What did they want to accomplish by taking this action? What was background against which the decision to found PME was made? Using the Archives of Syracuse University and the detailed notes left by the founders, I hope to answer these questions and to develop an understanding of the historical context in which PME was born.
Thursday, August 7, 7:00 p.m. - 10:00 p.m., Hilton Portland, Plaza Level, Pavilion West
They're called Fermi problems...
How many stop signs are in New York City?
How many babies were born in 1900?
How many Social Security Numbers are prime?
If you're looking for a mindbending mixture of math and trivia, look no further! Jane Street Capital presents The Estimathon: 13 estimation problems in 30 minutes, ranging from totally trivial to positively Putnamesque. Work in teams (of up to 5 people per team) to come up with the best set of confidence intervals. The top teams will receive prizes!
Contest rules can be found here
. If you are interested in participating, sign up here
. If you have further questions, feel free to contact the organizers at firstname.lastname@example.org
Andy Niedermaier, Jane Street Capital
MAA Undergraduate Student Activity
Mathematical Research, It's Knot What You Think!
Friday, August 8, 1:00 p.m. - 1:50 p.m., Hilton Portland, Plaza Level, Pavilion East
Take a piece of string, tie a knot into it and glue the ends of the string together into a closed loop, and you have a mathematical knot. This simple process demonstrates the appeal of knot theory – it is very hands-on and accessible to undergraduate research. In this student activity, we will work with two representations of knots: knot mosaics and cubic lattice knots. Using knot kits that participants can keep, we will explore the very new area of knot mosaics (2008, Lomonaco and Kauffman) and look at open problems that you can try to solve. We will also try to construct cubic lattice knots. Very little is known about these three-dimensional knots, so participants will be conducting on-the-spot mathematical research. This activity is open to everyone; no prior knowledge of knots is required.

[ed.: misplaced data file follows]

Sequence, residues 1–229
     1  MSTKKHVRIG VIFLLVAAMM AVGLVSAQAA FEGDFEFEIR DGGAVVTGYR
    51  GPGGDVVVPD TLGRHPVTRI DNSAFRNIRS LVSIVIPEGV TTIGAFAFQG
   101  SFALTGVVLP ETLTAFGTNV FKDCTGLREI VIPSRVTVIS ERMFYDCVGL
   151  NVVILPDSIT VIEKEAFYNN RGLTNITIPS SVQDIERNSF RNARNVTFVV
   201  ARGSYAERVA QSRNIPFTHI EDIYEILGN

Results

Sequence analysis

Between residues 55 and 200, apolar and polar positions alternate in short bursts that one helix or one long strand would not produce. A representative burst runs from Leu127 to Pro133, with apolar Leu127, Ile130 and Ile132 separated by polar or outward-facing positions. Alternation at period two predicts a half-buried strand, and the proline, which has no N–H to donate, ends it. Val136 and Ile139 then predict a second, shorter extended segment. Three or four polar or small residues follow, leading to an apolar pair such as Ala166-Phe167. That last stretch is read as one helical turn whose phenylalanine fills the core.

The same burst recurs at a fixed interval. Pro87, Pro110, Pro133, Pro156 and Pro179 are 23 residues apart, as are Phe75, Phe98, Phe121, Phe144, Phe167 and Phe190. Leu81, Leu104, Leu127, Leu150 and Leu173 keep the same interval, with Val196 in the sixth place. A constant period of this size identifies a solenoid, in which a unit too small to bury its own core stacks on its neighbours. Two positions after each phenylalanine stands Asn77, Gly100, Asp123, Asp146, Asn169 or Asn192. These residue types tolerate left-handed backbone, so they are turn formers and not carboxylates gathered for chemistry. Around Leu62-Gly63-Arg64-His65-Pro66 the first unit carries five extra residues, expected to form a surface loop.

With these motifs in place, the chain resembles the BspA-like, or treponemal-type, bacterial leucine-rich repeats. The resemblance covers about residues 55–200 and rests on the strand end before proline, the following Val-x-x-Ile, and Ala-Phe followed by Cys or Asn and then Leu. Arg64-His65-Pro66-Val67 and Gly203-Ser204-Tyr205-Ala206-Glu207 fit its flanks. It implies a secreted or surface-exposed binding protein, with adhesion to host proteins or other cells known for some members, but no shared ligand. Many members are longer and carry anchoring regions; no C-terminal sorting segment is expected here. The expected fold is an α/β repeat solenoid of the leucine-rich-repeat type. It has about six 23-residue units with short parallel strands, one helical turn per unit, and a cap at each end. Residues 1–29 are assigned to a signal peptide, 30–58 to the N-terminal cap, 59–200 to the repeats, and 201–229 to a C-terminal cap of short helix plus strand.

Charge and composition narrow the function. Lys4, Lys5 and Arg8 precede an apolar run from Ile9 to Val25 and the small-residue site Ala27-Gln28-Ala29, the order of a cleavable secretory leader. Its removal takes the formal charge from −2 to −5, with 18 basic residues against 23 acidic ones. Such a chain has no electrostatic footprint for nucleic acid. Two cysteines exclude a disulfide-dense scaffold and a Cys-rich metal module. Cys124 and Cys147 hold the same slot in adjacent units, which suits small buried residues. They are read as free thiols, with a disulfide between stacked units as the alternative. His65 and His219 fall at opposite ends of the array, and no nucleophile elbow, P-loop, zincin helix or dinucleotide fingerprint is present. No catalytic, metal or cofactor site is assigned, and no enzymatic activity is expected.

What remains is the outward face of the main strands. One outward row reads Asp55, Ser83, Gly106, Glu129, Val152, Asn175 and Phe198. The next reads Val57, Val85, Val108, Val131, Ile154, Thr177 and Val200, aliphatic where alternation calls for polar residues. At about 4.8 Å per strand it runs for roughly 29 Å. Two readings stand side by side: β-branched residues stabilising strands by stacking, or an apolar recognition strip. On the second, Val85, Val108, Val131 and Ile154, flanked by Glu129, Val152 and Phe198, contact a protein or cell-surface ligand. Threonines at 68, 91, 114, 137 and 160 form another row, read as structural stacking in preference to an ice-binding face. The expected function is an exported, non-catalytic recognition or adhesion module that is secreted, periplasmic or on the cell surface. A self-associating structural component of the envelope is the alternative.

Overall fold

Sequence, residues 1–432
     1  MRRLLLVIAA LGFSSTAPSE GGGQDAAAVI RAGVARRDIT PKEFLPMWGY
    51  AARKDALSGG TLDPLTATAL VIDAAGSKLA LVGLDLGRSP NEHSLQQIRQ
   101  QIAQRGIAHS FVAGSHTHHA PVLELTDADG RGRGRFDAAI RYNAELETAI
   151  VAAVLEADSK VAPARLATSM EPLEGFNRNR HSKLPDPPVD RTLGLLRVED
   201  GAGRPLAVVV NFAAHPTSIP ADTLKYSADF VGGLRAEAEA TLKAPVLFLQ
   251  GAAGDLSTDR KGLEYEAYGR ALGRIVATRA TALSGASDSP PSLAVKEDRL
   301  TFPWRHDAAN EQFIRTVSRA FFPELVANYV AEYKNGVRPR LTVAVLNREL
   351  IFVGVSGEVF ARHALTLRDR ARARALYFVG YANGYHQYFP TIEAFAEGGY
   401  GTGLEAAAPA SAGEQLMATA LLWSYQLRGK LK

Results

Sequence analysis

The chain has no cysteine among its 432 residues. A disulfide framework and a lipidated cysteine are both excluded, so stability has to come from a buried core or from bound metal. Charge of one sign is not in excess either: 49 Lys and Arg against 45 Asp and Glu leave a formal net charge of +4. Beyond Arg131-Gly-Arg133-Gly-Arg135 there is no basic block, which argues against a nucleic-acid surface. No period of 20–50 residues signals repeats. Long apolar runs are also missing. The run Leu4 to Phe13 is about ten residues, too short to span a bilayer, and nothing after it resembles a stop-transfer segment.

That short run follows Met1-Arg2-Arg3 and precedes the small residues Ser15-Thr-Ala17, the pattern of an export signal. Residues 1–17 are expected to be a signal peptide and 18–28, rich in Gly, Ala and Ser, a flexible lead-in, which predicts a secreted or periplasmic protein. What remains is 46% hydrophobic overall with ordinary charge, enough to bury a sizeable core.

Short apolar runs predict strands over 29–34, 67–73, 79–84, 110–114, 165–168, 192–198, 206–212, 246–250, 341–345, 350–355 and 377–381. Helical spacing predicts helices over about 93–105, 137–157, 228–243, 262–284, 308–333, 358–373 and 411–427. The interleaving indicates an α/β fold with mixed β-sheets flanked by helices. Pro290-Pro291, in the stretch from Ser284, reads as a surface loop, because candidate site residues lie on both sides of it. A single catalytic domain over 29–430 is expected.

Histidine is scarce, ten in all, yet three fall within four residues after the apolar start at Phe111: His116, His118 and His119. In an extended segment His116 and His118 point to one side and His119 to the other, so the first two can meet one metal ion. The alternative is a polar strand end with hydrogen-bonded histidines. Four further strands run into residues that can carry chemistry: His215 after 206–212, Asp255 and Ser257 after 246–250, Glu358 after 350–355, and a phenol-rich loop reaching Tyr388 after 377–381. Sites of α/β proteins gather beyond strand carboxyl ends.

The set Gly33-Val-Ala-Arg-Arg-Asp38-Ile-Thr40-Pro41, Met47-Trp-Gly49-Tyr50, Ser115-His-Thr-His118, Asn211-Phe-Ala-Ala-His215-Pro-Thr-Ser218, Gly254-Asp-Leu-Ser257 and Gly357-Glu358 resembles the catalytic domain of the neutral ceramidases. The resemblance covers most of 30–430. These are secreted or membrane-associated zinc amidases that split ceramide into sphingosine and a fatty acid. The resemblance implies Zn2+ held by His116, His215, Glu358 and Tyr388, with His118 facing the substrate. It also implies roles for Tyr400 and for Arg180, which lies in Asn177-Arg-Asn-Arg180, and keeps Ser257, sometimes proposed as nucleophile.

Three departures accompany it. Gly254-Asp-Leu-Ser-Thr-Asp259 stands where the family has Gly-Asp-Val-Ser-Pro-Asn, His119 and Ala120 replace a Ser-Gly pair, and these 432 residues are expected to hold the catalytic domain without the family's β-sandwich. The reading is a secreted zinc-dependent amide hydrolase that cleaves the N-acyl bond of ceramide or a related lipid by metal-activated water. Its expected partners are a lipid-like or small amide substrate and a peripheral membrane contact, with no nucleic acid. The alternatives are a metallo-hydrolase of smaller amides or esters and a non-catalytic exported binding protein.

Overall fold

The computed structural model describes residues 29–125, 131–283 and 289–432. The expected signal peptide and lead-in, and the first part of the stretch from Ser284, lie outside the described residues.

Lew Ludwig, Denison University
MAA Undergraduate Student Activity
Using Puzzles to Illuminate Mathematics
Friday, August 8, 1:00 p.m. - 1:50 p.m., Hilton Portland, Ballroom Level, Grand Ballroom II